"Long before it's in the papers"
January 27, 2015


Babies’ capacity for pain may form around time of birth

Sept. 8, 2011
Courtesy of Cell Press
and World Science staff

A new study sug­gests in­fants may de­vel­op the abil­ity to sense pain a few weeks be­fore their nor­mal due dates.

“Ba­bies can dis­tin­guish pain­ful stim­u­li as dif­fer­ent from gen­er­al tou­ch from around 35 to 37 weeks gesta­t­ion—just be­fore an in­fant would nor­mally be born,” said Lo­ren­zo Fab­rizi of Uni­vers­ity Col­lege Lon­don. Re­port­ing their find­ings on­line Sept. 8 in the re­search jour­nal Cur­rent Bi­ol­o­gy, Fab­rizi and col­leagues say the re­sults may have im­plica­t­ions for clin­i­cal care. They might al­so be cited in de­bates over wheth­er abor­tion should be le­gal.

The researchers meas­ured preterm in­fants’ re­sponses to a pain stim­u­lus that they said was med­ic­ally un­avoid­a­ble for them—a prick of the heel to get a blood sam­ple. Since ba­bies can’t tell you wheth­er some­thing hurts, the re­search­ers used record­ings of elec­tri­cal brain ac­ti­vity, a tech­nique called elec­tro­en­ceph­a­lo­graphy. 

Ac­cord­ing to the in­ves­ti­ga­tors, re­cent stud­ies have em­pha­sized the im­por­tance of bursts of nerve ac­ti­vity, both spon­ta­ne­ous and stim­u­lus-evoked, as func­tion­al brain cir­cuit­ry forms. The burst­ing pat­tern shifts in de­vel­opment to adult-like re­sponses that are more spe­cif­ic to par­tic­u­lar sen­so­ry in­puts.

Tests on in­fants be­tween 28 and 45 weeks gesta­t­ion show the brain starts to re­spond dif­fer­ently to a sim­ple tou­ch and the heel prick at about 35 to 37 weeks, the in­ves­ti­ga­tors said. Ba­bies’ due dates are based on 40 weeks of preg­nan­cy, and ba­bies are gen­er­ally con­sid­ered full term at 37 weeks.

The re­sults may have im­plica­t­ions for the treat­ment, care, and de­vel­opment of prem­a­ture new­borns, Fab­rizi said, not­ing that these chil­dren can of­ten grow up to be ei­ther more or less sen­si­tive to pain than usu­al.

“Re­peated nox­ious stimula­t­ion of the kind used in this study is a fea­ture of ne­o­na­tal in­ten­sive care,” the re­search­ers wrote. “Our find­ing that nox­ious heel lance [prick] in­creases neu­ronal burst­ing ac­ti­vity in the brain from the ear­li­est age raises the pos­si­bil­ity that ex­cess nox­ious in­put may dis­rupt the nor­mal forma­t­ion” of brain cir­cuits. The work, they added, also suggests such dis­rup­tion could ex­plain “the long-term neu­ro­de­vel­opmental con­se­quenc­es and al­tered pain be­hav­ior in ex-preterm chil­dren.”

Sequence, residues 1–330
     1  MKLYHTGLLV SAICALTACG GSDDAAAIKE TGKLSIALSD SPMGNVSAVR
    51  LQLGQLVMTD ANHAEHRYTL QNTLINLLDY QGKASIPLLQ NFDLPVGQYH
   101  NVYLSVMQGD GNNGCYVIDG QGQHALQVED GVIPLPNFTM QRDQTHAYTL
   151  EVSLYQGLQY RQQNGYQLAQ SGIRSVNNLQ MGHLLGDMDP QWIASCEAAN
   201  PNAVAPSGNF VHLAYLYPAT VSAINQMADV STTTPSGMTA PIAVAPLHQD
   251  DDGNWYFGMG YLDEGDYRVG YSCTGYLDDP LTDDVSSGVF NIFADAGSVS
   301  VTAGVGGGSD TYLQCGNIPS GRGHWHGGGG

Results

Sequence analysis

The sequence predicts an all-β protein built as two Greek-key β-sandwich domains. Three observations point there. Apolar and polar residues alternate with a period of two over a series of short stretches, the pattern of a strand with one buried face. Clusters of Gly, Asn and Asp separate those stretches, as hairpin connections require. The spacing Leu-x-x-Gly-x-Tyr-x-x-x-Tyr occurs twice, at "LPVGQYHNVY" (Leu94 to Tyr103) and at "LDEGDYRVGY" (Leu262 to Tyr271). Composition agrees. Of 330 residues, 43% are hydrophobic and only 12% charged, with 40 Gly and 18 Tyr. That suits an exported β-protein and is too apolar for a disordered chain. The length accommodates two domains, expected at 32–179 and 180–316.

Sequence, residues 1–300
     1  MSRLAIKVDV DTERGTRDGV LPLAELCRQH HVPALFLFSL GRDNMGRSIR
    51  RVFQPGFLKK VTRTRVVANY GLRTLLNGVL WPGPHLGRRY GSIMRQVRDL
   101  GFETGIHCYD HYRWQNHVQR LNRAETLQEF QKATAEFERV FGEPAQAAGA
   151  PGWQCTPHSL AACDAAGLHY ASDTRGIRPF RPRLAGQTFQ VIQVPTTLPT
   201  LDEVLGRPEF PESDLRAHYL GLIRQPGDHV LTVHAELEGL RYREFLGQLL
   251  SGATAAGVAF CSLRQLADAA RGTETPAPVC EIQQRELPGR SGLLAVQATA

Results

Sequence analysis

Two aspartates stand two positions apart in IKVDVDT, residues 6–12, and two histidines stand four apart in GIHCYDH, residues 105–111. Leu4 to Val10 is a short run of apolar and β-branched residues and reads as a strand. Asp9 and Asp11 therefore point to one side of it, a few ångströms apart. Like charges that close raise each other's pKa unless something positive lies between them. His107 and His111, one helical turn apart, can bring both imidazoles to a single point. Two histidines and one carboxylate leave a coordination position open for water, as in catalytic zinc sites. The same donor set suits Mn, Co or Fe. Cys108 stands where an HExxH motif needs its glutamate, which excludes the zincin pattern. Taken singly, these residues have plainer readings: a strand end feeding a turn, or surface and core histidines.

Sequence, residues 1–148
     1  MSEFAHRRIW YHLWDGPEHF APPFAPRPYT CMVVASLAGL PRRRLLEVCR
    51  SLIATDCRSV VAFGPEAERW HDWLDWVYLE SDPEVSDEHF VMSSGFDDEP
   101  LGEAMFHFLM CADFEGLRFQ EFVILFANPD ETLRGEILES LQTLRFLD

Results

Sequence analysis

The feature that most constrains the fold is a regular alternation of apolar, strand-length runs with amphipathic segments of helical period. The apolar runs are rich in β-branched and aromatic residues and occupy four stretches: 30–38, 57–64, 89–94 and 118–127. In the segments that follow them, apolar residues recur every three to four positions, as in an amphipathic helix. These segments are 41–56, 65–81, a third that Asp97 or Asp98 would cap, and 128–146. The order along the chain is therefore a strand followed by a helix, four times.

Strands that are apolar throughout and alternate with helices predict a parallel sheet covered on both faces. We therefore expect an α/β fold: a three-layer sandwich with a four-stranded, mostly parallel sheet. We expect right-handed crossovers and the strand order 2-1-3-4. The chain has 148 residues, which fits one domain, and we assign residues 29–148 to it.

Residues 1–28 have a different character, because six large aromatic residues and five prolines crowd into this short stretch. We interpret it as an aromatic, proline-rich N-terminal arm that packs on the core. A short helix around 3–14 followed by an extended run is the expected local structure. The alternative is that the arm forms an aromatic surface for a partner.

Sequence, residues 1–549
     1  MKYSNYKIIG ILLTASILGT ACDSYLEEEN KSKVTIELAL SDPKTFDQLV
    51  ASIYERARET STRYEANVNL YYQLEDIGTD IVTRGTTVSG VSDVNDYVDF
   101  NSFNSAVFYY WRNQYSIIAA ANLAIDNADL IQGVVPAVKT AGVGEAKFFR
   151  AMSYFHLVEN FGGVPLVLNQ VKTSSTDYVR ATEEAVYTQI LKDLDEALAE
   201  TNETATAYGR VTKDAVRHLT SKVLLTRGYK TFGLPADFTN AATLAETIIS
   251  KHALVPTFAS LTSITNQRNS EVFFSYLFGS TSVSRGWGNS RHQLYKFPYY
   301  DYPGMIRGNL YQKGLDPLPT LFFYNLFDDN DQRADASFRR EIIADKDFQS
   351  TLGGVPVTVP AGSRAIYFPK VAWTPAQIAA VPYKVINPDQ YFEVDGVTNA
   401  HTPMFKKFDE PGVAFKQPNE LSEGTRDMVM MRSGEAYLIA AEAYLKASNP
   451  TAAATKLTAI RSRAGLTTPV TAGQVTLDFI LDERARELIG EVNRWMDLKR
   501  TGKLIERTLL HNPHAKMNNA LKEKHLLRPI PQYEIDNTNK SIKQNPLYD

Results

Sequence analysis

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A new study suggests infants may develop the ability to sense pain a few weeks before their normal due dates. “Babies can distinguish painful stimuli as different from general touch from around 35 to 37 weeks gestation—just before an infant would normally be born,” said Lorenzo Fabrizi of University College London. Reporting their findings online Sept. 8 in the research journal Current Biology, Fabrizi and colleagues say the results may have implications for clinical care. They may also bear on debates over whether abortion should be legal. Fabrizi and colleagues measured infants’ responses to a pain stimulus that was medically unavoidable for them, in which the heel was pricked to get a blood sample. Since babies can’t tell you whether something hurts, the researchers used recordings of electrical brain activity, a technique called electroencephalography. According to the investigators, recent studies have emphasized the importance of bursts of nerve activity, both spontaneous and stimulus-evoked, as functional brain circuitry forms. The bursting pattern shifts in development to adult-like responses that are more specific to particular sensory inputs. Tests on infants between 28 and 45 weeks gestation show the brain starts to respond differently to a simple touch and the heel prick at about 35 to 37 weeks, the investigators said. Babies’ due dates are based on 40 weeks of pregnancy, and babies are generally considered full term at 37 weeks. The results may have implications for the treatment, care, and development of premature newborns, Fabrizi said, noting that these children can often grow up to be either more or less sensitive to pain than usual. “Repeated noxious stimulation of the kind used in this study is a feature of neonatal intensive care,” the researchers wrote. “Our finding that noxious heel lance [prick] increases neuronal bursting activity in the brain from the earliest age raises the possibility that excess noxious input may disrupt the normal formation of cortical circuits, and that this is a mechanism underlying the long-term neurodevelopmental consequences and altered pain behavior in ex-preterm children.”